MIGHTY HISTORY

How Libyan rebels called in airstrikes against Gaddafi will blow your mind

In 2011, Libyans took arms against the 40-plus year rule of Muammar Gaddafi. The dictator tried to brutally crush a demonstration against his regime in Benghazi. The response from the Libyan people was a nearly nine-month-long civil war which ended with the death of the dictator near his hometown of Sirte. But it was a victory that almost never was. The Libyan Rebels needed to level the playing field when it came to air superiority – they needed to be able to call in airstrikes.

That’s where Twitter came in.


New weapon gives ‘virtually unlimited protection’ from drones

Some people swear by it.

By mid-March 2011, Gaddafi’s loyalist forces were pushing the rebels back fast. All their hard-won gains liberated more than half of Libya from the dictator who promised to make the streets of Benghazi run red with rebel blood. Gaddafi’s air power was proving to be a decisive advantage in the civil war. Luckily for the rebels, there was a NATO task force assembling offshore.

American, French, British, and Canadian ships had all joined each other off the Libyan coast and began to hit Gaddafi’s positions with the full might of their respective sea-based air forces. They also began to enforce a no-fly zone. This was enough to turn the tide of the rebels, who were battle-hardened veterans, fighting for their lives. It was a strategic win for them, no doubt, but the tactical use of NATO air power proved problematic.

New weapon gives ‘virtually unlimited protection’ from drones

“I can just call a jet fighter and one will come kill these tanks? This must be what being a U.S. soldier is like.”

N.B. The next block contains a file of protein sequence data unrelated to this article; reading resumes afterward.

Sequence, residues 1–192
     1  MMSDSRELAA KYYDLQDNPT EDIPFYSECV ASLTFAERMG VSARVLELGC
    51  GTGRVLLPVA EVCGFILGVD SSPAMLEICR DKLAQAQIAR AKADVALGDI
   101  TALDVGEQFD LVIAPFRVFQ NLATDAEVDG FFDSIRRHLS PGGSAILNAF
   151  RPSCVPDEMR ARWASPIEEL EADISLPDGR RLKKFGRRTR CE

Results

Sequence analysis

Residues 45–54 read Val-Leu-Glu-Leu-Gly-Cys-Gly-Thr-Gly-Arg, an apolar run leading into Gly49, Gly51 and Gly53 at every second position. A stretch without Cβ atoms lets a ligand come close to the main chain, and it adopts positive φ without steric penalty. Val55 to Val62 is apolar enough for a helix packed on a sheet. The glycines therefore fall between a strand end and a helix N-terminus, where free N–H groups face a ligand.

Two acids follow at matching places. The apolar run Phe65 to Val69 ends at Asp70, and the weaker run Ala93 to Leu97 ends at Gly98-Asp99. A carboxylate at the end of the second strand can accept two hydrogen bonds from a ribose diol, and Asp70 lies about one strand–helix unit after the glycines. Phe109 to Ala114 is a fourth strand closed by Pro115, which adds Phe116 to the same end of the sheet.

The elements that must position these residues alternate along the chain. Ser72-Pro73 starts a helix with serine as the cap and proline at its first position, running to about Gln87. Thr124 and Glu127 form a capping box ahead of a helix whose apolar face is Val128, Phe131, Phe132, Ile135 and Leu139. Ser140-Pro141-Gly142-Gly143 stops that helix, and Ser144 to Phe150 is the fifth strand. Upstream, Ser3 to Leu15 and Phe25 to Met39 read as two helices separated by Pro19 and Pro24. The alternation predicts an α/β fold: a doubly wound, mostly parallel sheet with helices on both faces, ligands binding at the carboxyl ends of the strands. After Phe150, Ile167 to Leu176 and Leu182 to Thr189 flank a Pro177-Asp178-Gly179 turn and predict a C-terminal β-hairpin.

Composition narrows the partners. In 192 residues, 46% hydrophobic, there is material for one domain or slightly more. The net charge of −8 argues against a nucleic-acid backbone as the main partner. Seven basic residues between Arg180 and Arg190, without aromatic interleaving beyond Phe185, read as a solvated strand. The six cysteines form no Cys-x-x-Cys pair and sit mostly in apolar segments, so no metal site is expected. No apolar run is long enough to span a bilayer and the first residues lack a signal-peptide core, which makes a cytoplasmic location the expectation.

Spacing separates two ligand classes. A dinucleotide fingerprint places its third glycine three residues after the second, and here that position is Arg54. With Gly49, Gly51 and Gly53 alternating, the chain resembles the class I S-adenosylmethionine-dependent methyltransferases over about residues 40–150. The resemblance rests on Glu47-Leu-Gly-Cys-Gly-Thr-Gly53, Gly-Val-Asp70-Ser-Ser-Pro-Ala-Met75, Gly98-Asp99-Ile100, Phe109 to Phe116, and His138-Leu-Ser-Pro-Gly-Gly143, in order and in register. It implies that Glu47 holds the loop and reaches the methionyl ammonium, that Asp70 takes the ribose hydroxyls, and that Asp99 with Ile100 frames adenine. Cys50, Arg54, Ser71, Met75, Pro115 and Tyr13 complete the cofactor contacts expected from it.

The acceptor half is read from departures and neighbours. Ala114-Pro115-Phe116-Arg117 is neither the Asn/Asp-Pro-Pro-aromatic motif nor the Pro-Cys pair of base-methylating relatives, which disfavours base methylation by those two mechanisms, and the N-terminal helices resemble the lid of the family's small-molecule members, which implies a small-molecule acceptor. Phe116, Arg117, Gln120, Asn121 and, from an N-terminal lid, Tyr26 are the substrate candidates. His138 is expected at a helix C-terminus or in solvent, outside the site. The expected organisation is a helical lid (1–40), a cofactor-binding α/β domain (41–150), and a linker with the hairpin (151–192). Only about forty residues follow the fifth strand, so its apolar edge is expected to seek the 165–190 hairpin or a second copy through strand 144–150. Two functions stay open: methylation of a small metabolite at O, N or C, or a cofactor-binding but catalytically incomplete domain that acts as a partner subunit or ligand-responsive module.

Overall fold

Many wondered how NATO fighters could know where to drop tactical missiles and bombs when their own JTACs are not on the ground with rebel forces, and NATO has no direct communications with the fighters it’s supporting. The answer is that the Twitter social media network became part of NATO’s overall “intelligence picture.” NATO allies began analyzing data gleaned from Twitter posts to understand Gaddafi’s movements but also to assist rebel fighters in pushing down pro-Gaddafi attacks.

Rebel fighters using their cell phones would gather coordinates from Google Earth and then tweet those coordinates to NATO, who would then come in and light up the loyalist forces. The top NATO brass says it’s a normal step any military would take.

That’s how Gaddafi would meet his end, and where his death would be posted for the world to see.

New weapon gives ‘virtually unlimited protection’ from drones

“Yes, right up his butt. It’s on YouTube.”

“Any military campaign relies on something that we call ‘fused information’,” said Wing Commander Mike Bracken, a NATO spokesman. “We will take information from every source we can… The commander will assess what he can use, what he can trust, and the experience of the operators, the intelligence officers, and the trained military personnel and civilian support staff will give him those options. And he will decide if that’s good information.”

Since NATO had no boots on the ground but deems it vital to support the Libyan rebels, extrapolating the information needed by commanders seems like a totally legitimate means of intelligence gathering – and an effective one to boot. NATO airplanes decimated Libyan air defenses and made the critical difference in the war for the Libyan people to liberate themselves from a terrible dictator.

And then tweet about it.

Articles

This space plane is still on its secret mission in orbit

A classified unmanned space plane has been in orbit for over 500 days, but no one is telling the public what it’s doing.